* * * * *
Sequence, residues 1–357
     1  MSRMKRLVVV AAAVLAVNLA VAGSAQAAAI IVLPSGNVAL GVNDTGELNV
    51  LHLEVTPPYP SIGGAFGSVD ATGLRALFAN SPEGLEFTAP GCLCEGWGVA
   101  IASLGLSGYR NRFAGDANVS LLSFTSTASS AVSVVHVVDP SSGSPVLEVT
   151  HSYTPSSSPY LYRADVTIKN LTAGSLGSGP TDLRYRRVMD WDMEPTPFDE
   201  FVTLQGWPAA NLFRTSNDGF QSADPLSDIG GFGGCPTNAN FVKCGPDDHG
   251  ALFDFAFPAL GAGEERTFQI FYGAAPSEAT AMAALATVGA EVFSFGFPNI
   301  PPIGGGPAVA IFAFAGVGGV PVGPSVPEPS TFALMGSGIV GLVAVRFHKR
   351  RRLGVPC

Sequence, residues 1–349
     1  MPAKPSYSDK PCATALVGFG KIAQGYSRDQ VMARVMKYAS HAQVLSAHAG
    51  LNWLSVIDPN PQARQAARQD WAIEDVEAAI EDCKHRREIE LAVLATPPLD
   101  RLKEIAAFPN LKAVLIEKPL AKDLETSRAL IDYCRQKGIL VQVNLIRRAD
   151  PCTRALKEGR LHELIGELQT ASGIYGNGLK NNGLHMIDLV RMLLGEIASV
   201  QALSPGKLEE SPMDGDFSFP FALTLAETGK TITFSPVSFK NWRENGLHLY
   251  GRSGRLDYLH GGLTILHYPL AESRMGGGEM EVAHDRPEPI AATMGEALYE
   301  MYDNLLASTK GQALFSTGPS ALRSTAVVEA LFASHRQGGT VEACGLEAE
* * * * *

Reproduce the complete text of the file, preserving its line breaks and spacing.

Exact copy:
Sequence, residues 1–357
     1  MSRMKRLVVV AAAVLAVNLA VAGSAQAAAI IVLPSGNVAL GVNDTGELNV
    51  LHLEVTPPYP SIGGAFGSVD ATGLRALFAN SPEGLEFTAP GCLCEGWGVA
   101  IASLGLSGYR NRFAGDANVS LLSFTSTASS AVSVVHVVDP SSGSPVLEVT
   151  HSYTPSSSPY LYRADVTIKN LTAGSLGSGP TDLRYRRVMD WDMEPTPFDE
   201  FVTLQGWPAA NLFRTSNDGF QSADPLSDIG GFGGCPTNAN FVKCGPDDHG
   251  ALFDFAFPAL GAGEERTFQI FYGAAPSEAT AMAALATVGA EVFSFGFPNI
   301  PPIGGGPAVA IFAFAGVGGV PVGPSVPEPS TFALMGSGIV GLVAVRFHKR
   351  RRLGVPC

Sequence, residues 1–349
     1  MPAKPSYSDK PCATALVGFG KIAQGYSRDQ VMARVMKYAS HAQVLSAHAG
    51  LNWLSVIDPN PQARQAARQD WAIEDVEAAI EDCKHRREIE LAVLATPPLD
   101  RLKEIAAFPN LKAVLIEKPL AKDLETSRAL IDYCRQKGIL VQVNLIRRAD
   151  PCTRALKEGR LHELIGELQT ASGIYGNGLK NNGLHMIDLV RMLLGEIASV
   201  QALSPGKLEE SPMDGDFSFP FALTLAETGK TITFSPVSFK NWRENGLHLY
   251  GRSGRLDYLH GGLTILHYPL AESRMGGGEM EVAHDRPEPI AATMGEALYE
   301  MYDNLLASTK GQALFSTGPS ALRSTAVVEA LFASHRQGGT VEACGLEAE